t2 trainspotting movie review

Director Danny Boyle has to be one of the most diverse filmmakers working in the industry today. His work spans genres and cultures well beyond the average Hollywood filmmaker. He’s tackled the horror genre in both the 2002 film 28 Days Later… and the 2007 film Sunshine. He’s covered the lives of real people in the biopics 127 Hours and Steve Jobs.  He’s dealt with ordinary people in extraordinary circumstances in The Beach, Millions, and the 2008 Best Picture winner Slumdog Millionaire. Lastly, he took the subject of drug addiction and turned into a quirky, funny film that rides the line between comedy and drama in all the right ways. Now, twenty years later, he has brought back the entire cast and all of the sensibilities of that film to make a sequel called T2 Trainspotting.

Picking up around 20 years after the events of the previous film, the main four are back but with slight twists in their lives: Renton (Ewan McGregor) has distanced himself from the other three and is trying to live a normal, non-addict lifestyle. Spud (Ewan Bremner) is attempting to kick his habit and get his life on track by going to self-help groups. Simon/ Sick Boy (Jonny Lee Miller) is up to no good by blackmailing wealthy men and owning and running a bar with his girlfriend Veronika (Anjela Nedyalkova). Begbie (Robert Carlyle) is serving a 25-year prison sentence and due to his violent temper, he has just been denied parole yet again. Through a series of wacky events, the four eventually run into each other and Renton is still looked up negatively for stealing the money in the end.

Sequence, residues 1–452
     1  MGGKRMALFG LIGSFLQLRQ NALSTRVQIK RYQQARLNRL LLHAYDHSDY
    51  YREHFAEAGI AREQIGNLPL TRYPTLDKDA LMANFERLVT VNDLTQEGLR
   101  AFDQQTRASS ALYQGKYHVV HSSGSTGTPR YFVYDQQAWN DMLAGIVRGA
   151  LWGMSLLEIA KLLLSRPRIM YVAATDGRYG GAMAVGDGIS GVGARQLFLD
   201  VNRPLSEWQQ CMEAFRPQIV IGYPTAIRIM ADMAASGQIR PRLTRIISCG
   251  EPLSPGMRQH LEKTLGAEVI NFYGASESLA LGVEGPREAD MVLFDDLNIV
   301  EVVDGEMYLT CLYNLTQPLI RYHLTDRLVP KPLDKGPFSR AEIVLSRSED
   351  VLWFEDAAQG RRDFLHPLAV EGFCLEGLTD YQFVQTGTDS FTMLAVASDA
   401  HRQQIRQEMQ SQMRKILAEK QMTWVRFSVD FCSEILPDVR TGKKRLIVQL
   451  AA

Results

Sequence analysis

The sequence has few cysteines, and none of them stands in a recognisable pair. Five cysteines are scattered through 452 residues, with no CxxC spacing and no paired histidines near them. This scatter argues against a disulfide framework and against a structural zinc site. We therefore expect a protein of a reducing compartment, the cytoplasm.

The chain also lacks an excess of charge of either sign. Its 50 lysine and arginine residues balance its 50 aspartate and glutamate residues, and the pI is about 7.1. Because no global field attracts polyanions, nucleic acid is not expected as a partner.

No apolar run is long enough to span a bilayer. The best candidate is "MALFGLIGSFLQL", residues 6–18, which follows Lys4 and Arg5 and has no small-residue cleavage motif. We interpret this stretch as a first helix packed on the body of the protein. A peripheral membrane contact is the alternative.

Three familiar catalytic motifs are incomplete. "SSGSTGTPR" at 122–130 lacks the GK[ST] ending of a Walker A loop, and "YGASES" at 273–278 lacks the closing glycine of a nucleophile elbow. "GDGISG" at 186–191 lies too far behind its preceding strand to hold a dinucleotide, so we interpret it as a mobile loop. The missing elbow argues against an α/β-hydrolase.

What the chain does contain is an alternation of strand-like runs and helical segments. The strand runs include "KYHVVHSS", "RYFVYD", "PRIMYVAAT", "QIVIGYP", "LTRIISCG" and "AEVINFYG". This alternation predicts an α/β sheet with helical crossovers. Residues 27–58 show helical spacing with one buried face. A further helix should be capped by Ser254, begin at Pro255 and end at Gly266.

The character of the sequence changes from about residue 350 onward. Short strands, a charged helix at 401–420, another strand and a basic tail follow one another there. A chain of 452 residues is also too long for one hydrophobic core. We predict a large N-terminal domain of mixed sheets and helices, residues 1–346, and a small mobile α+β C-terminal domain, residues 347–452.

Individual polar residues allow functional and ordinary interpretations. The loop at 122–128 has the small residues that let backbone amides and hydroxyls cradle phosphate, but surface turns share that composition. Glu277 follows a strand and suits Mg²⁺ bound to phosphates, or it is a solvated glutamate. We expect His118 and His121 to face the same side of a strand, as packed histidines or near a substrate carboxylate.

Recently a string of sequels to long dormant properties have been making their way through Hollywood. Dumber and Dumber To, Anchorman 2: The Legend Continues, and Indiana Jones and the Kingdom of the Crystal Skull are just a couple that completely missed the mark in terms of recreating the magic of the previous films. Usually, if a film is successful, a sequel is made right after to help keep public interest as well as to facilitate the actors being able to recreate the same kind of performances.  Most of the time it fails, but in the case of T2 Trainspotting, it seems that Danny Boyle and the entire cast hit the nail right on the head.

The film is absolutely brilliant in all the best ways: Not only does it somewhat stand on its own as a complete story, but it digs even deeper into the events of the first film and explores the relationships between all four men in greater detail. It also keeps that same crazy, absurdist, off-the-wall style and editing that made the original so entertaining to watch. Every single actor gives everything to their role and the end result are performances that make you fall in love with the characters all over again. Even the introduction of the new character, named Veronika, is handled with such care that she feels as if she could have easily been in the previous film.

I don’t have much of anything negative to say about this daring sequel to a much-beloved cult film. My only minor gripe is that it doesn’t go to as crazy of lengths with its visual wonderment as I wish it did. There isn’t any absurd toilet diving-type sequences that leaving a lasting impression. Nevertheless what you do get with T2 Trainspotting is a near perfect sequel that is a fantastic compliment to the original film.

T2 Trainspotting: [yasr_overall_rating size=”large”]

About T2 Trainspotting

Synopsis: 20 years after the events of the first film, all four guys haphazardly meet up again which results in a crazy new experience.

Director: Danny Boyle

Writers: John Hodge, Irvine Welsh

Stars: Ewan McGregor, Robert Carlyle, Ewan Bremner, Jonny Lee Miller

Rated: R

Runtime: 1 Hour, 57 Minutes

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